Turkish media sector set for a shake-up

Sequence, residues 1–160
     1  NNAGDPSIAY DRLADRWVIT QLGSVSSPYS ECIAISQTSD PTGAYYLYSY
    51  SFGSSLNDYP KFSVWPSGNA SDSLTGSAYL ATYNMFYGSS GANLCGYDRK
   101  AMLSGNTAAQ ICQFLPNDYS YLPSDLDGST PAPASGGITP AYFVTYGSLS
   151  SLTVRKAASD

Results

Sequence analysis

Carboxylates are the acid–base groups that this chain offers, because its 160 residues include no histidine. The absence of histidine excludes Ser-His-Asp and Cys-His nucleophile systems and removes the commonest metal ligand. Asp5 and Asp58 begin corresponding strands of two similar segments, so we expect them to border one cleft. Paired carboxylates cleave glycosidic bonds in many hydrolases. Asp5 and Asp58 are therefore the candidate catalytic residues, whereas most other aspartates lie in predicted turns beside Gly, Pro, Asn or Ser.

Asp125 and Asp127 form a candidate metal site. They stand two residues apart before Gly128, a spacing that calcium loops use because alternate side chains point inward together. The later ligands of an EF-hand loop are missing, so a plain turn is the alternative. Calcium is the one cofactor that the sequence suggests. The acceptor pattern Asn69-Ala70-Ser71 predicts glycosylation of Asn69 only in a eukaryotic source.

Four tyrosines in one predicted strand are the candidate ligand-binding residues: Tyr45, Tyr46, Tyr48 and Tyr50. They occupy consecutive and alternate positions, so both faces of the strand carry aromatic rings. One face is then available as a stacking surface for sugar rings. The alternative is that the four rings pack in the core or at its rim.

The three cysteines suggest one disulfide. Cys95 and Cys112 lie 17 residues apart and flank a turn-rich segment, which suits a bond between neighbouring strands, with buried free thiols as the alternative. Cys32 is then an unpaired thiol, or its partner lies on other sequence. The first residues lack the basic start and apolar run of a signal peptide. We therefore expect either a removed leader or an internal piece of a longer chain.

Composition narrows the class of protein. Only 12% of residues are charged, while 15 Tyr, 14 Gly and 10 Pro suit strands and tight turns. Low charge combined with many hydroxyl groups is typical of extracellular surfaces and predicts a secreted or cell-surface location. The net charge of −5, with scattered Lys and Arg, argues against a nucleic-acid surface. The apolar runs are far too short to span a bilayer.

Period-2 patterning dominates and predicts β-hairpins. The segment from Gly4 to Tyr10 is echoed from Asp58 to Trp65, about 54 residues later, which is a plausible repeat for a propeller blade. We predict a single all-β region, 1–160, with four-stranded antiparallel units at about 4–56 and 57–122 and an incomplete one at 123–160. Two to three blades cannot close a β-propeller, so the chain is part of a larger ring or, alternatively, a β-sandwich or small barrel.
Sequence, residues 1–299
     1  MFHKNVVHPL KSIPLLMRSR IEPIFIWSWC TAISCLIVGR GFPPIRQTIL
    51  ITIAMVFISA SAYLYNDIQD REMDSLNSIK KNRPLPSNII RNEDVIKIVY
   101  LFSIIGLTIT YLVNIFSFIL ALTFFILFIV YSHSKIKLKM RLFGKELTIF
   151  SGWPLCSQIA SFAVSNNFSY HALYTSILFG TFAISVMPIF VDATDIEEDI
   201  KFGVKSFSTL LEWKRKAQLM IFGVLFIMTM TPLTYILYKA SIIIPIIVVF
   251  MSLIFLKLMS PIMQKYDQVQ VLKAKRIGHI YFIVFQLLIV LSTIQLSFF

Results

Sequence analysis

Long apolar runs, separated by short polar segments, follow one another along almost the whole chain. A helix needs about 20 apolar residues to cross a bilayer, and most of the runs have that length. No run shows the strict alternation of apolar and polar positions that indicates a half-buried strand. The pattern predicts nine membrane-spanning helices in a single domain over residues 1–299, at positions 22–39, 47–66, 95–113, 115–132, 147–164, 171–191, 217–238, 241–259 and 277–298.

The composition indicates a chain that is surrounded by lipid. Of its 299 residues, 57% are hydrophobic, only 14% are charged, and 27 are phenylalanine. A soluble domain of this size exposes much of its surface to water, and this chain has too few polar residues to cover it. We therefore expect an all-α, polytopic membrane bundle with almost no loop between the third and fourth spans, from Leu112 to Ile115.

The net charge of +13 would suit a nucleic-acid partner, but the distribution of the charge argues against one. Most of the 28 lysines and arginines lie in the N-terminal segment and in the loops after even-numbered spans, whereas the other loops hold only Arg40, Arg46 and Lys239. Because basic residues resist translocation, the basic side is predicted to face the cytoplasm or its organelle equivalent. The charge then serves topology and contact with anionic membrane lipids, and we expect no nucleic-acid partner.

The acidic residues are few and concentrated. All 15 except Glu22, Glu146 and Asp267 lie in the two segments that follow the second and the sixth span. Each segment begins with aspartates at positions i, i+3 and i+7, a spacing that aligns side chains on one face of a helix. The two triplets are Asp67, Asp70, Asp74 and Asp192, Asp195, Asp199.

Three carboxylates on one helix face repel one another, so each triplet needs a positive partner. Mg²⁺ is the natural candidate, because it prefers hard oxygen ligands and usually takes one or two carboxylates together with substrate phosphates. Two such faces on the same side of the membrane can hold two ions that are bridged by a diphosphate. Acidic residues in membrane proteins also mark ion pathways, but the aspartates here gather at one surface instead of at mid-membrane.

ISTANBUL – Turkey’s media sector is set for a shake-up as shares in two of the top three companies come up for sale just as hopes are growing for the newly elected government to relax ownership rules on the politically sensitive industry. The sector is currently dominated by family-run Dogan Yayin, which controls more than 40 percent of the advertising market and has already started making partnerships with foreign investors. But new players will try to undermine its lead. «Dogan Yayin is the indisputable leader… If foreigners are going to pay a premium to buy the assets they will want to increase their market share,» said one sector analyst. Expected to come up for sale this year, according to sources familiar with the deal, is 50 percent of the media business of indebted conglomerate Cukurova – the third-biggest media firm – and the assets of No 2 media business Merkez. Foreign investment participation in these sales could also pick up if a law restricting foreign ownership of broadcasters to 25 percent is lifted by the re-elected Justice and Development Party (AKP) government, which has a track record of pro-business measures and attracting foreign investment. Many in the sector expect it to raise or ditch the limit, which it tried to do in 2005 but was blocked by President Ahmet Necdet Sezer, who is due to leave office soon. «When Sezer goes, that (foreign ownership limit) probably will be changed. The AKP wants to be open-market and liberal in everything so it’s unlikely they will stick with that limitation. At least they will increase it,» another industry analyst said. Some analysts expect the government would welcome a more diverse media, especially a foreign publisher with a less political agenda than local groups. One key obstacle though would be nationalist uproar – the opposition has already campaigned against banks being sold off – and the government will have to weigh this against the positive impact a change in the ownership rules would have on much needed foreign inflows. Media is one of the fastest-growing sectors in European Union candidate Turkey. Dogan expects ad revenue to grow some 30 percent this year and figures like that have lured financial investors into the sector, most recently Deutsche Bank, which bought 22 percent of Dogan’s newspaper arm. Canada’s CanWest, Rupert Murdoch’s News Corp and Axel Springer have also recently come in with Turkish partners. A large, mainly young population with growing wealth makes Turkey more attractive than many emerging market rivals. «It’s all about how many people you can reach. For international advertisers, if you can say you’ve got 70 million people, forget about the language, that’s a very good competitive advantage,» said Orhan Cem, partner for corporate finance at Price Waterhouse Coopers in Istanbul. Seized assets Merkez assets, which include popular newspaper Sabah and high-rated ATV, will be auctioned by a government body which seized them, alleging irregularities, from conglomerate Ciner. The TMSF fund which seized the assets has said it expects to raise $1.5-2 billion from a sale this year. But financial sources say legal issues still have to be sorted out so that the buyer does not end up shouldering the legal risks. When the TMSF seized mobile firm Telsim from the indebted and high-profile Uzan family, it packaged the sale so that the buyer, Vodafone, did not inherit the liabilities. «Most probably it will be an asset sale where the assets of the company are wrapped and sold whereas… the liabilities are kept with the TMSF,» a financial industry source said. The TMSF had not said how the sale will be carried out. A source familiar with the situation said Mediaset, Prosiebensat 1 Media AG and News Corp were looking at the assets. Prosiebensat was not available to comment, News Corp declined to comment and Mediaset denied it was looking.